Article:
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Advocates warn of dangers of radon gas in the winter, urge testing at home

Screen indicating radon level on Airthings View Plus air quality monitor, Lafayette, California, March 23, 2022. Photo courtesy Tech Trends.
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Radon is the second leading cause of lung cancer in the U.S.

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Health experts are urging Connecticut residents to test for radon this winter, warning that closed windows can trap this dangerous and hard-to-detect gas in homes.

Currently, about one in four Connecticut homes have high levels of radon, according to the American Lung Association.

The gas is the second leading cause of lung cancer in the U.S., responsible for an estimated 21,000 lung cancer deaths every year. Radon is the leading cause of lung cancer in people who have never smoked.

But not everyone is aware if this odorless, tasteless and colorless gas is in their home.

“People are testing during real estate transactions which are more likely … in the spring and summer months,” said Ruth Canovi of the American Lung Association in Connecticut. “You don't always get a real reading of what the higher levels could be when everything is closed up in your home.”

Radon can enter a building through cracks in the floors, basement walls, foundations and other openings. In Connecticut, about 25.8% of radon test results equal or exceed the Environmental Protection Agency’s action level of 4 pCi/L, according to the most recent American Lung Association’s “State of Lung Cancer” report.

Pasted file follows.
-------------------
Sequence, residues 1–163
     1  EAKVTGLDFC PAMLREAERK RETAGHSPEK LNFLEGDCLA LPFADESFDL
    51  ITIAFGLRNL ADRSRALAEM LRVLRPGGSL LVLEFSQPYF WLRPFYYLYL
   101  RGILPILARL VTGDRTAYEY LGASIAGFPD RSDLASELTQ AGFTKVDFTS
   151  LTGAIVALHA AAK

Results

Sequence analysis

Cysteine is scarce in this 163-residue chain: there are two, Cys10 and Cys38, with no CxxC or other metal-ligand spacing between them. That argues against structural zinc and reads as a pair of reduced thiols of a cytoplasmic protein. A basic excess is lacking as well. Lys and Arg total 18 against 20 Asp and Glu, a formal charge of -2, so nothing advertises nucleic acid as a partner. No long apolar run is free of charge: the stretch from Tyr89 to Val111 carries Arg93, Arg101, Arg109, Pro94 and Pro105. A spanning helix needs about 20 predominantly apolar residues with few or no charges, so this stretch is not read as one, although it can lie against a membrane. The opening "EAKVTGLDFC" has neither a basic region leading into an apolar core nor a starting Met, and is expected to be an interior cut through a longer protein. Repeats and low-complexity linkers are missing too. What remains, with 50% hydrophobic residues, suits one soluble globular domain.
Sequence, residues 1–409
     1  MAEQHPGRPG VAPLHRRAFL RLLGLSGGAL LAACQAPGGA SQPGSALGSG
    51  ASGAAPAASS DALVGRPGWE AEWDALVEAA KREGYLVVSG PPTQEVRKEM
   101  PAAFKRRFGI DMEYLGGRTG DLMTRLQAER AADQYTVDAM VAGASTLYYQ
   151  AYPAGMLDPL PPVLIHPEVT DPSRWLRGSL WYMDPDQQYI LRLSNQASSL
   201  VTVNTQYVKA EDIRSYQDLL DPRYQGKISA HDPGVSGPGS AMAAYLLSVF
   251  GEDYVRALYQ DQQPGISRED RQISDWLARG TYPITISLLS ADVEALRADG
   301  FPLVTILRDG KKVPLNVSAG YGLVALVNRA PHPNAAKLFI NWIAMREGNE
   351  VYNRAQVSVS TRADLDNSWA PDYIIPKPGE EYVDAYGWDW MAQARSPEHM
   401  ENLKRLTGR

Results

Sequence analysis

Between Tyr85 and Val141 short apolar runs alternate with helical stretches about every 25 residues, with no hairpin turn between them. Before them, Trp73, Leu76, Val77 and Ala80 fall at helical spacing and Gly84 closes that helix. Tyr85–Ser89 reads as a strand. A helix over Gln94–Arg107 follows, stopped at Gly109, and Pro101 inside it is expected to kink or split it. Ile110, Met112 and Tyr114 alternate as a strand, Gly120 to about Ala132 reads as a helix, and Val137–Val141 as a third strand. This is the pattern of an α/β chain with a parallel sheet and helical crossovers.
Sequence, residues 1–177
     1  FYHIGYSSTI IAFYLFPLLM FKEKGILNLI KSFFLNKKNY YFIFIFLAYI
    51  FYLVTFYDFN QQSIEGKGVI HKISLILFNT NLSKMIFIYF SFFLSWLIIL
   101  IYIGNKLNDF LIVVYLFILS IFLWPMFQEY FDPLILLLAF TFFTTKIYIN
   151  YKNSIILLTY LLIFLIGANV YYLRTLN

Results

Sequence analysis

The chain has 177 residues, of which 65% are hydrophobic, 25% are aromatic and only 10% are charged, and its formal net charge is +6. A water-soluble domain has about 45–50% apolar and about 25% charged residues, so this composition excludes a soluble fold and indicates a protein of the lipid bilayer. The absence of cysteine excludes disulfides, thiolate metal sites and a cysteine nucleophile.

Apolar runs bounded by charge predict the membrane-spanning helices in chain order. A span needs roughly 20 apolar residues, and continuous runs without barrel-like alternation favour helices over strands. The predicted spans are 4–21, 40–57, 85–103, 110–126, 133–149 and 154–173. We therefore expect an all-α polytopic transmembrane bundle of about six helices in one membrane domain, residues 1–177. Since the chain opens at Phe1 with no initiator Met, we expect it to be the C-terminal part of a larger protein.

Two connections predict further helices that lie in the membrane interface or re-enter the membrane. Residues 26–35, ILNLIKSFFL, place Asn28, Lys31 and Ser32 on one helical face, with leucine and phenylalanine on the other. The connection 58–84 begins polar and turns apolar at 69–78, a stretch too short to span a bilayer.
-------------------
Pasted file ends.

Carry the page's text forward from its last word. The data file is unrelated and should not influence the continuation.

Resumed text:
“The health hazard comes when radioactive particles are released when radon decays,” Canovi said. “And these particles can be inhaled into the lungs and attached to your cells with dangerous cancer-causing radiation.”

Canovi is urging residents to test for radon in early winter. Several local health departments in Connecticut offer free radon test kits. Low-cost kits can also be purchased from the American Lung Association.

If radon is detected, residents should install a radon mitigation system, which consists of a vent pipe, fan and properly sealing cracks and other openings. The system also collects radon gas from underneath the foundation and vents it to the outside.

Sujata Srinivasan is Connecticut Public Radio’s senior health reporter. Prior to that, she was a senior producer for Where We Live, a newsroom editor, and from 2010-2014, a business reporter for the station.
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